Microsoft, Apple cut deals to clear out tablet, notebook stock

Microsoft and Apple last week kicked off promotions that may signal inventory clearing as they prepare their next generations of hardware.

On Friday, Microsoft debuted a deal that hands a free keyboard-cover to buyers of its Surface RT tablet.

The Surface RT offer runs from May 31 to June 30 in the U.S., Canada, and the European countries where Microsoft sells the tablet, including the U.K., Germany, France and the Netherlands. Buyers of either the 32GB or 64GB Surface RT -- which in the U.S. list for $499 and $599, respectively -- will receive a free Touch Cover or Type Cover, or one of the limited edition Touch Covers.

The Touch Cover usually costs $120, while the Type Cover sells for $130.

Friday's promotion was the second discount Microsoft announced last week: On Wednesday, Microsoft said attendees of TechEd North America 2013, a conference that runs June 3-6 in New Orleans, will be able to purchase a 64GB Surface RT for $99 and a 128GB Surface Pro for $399.

Only TechEd attendees will be eligible for the special prices, but they can buy up to one of each device. The $99 Surface RT comes with a Touch Cover, representing a 83% discount. A 128GB Surface Pro regularly runs $999, putting the TechEd discount at 60%.

Both prices were under Microsoft's cost, according to analysts' estimates of the "bill of materials" (BOM), or the cost of the components in the devices. Last year, Sameer Singh of Tech-Thoughts pegged the Surface RT's BOM at more than $300, and that of the Surface Pro at over $600.

It's unknown whether Microsoft will make the same Surface Pro/Surface RT discount available to attendees of BUILD, the developer's conference slated for June 26-28 in San Francisco. D. Begley, the marketing manager for TechEd, told commenters who asked about BUILD discounts to query the team responsible for the developer gathering.

Although Microsoft has only recently reaffirmed its commitment to Windows RT, the operating system that powers Surface RT, the two offers may hint that the company is drawing down stock prior to introducing new tablets.

New, smaller Surface tablets are expected. In April, Microsoft's then-CFO promised that Microsoft and its OEM partners would launch smaller, less-expensive tablets "in the coming months."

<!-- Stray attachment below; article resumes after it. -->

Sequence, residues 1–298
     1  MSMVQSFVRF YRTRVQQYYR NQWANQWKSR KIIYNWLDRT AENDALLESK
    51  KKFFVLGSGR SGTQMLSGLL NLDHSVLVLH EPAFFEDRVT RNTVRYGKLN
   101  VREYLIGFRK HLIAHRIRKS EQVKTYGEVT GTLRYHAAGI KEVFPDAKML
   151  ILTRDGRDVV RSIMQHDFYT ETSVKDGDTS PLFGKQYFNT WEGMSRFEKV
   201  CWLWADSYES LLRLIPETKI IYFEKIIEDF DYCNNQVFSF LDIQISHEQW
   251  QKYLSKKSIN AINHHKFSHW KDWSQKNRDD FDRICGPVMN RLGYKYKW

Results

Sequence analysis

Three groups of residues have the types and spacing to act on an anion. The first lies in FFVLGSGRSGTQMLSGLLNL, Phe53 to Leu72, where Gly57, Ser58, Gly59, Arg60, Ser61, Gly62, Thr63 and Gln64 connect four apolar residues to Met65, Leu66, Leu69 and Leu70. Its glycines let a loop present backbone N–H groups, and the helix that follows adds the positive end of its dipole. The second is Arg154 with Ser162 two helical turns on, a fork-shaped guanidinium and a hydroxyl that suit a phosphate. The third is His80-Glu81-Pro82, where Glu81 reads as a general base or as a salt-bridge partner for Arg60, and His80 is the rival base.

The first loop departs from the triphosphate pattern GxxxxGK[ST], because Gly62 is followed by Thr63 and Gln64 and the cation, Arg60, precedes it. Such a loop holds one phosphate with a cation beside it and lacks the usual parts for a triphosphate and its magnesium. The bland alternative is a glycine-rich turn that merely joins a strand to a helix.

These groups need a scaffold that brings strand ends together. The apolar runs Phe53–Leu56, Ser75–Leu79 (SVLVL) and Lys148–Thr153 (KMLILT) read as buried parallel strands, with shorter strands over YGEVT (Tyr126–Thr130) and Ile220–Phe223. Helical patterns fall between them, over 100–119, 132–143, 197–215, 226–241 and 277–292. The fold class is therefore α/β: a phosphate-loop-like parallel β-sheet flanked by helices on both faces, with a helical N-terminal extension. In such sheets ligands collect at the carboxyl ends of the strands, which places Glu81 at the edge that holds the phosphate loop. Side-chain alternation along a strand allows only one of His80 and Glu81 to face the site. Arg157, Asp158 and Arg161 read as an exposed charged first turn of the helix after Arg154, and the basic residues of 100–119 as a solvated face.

The deals' timing is another clue that Microsoft is trying to get rid of its Surface inventory before launching new models. Its original tablets are coming up on their first anniversary -- Microsoft surprised the industry with its own hardware on June 18, 2012 -- and the BUILD conference at the end of this month would be a perfect stage for unveiling new tablets.

Microsoft is also expected to follow other OEMs in adopting new Intel processors, those from the "Haswell" architecture, that boast improved graphics performance and better battery life, for its Windows 8 Surface Pro device.

Microsoft has so far declined to state Surface RT and Surface Pro sales figures. IDC pegged Surface RT shipments -- which are different than sales, since they account for devices manufactured but not yet sold -- for the fourth quarter of 2012 at about 900,000 units, but just 200,000 for all Windows RT-powered devices, of which the Surface RT represented the bulk, in Q1 of 2013.

Like its rival, Apple also launched a promotion last week that could be seen as an attempt to clear out inventory.

On Thursday, Apple got an early start on back-to-school season -- or at prep graduation gift giving -- by doubling the educational discount of the 13-in. MacBook Pro notebook to $200, lowering the price of the entry-level laptop to $999 for parents and teachers of K-12 students, as well for as college teachers, staff and students.

The more expensive MacBook Pro with 8GB of memory, a faster processor and a larger hard disk drive, now costs $1,299 in that same deal, $200 under the retail list price.

Neither of the MacBook Pro notebooks at discounted prices includes the Retina-style display.

Apple is expected to announce new MacBook laptops at its Worldwide Developers Conference (WWDC), which starts June 10 in San Francisco. Those new laptops will likely feature Intel's Haswell processors that promise 50% longer battery life and double the graphics performance of the Core CPUs known by their code-name Ivy Bridge.

Supplies of some models of the MacBook Air line have also been in short supply, an indication that that line will also be refreshed at WWDC with the Haswell processors.

Copyright © 2013 IDG Communications, Inc.

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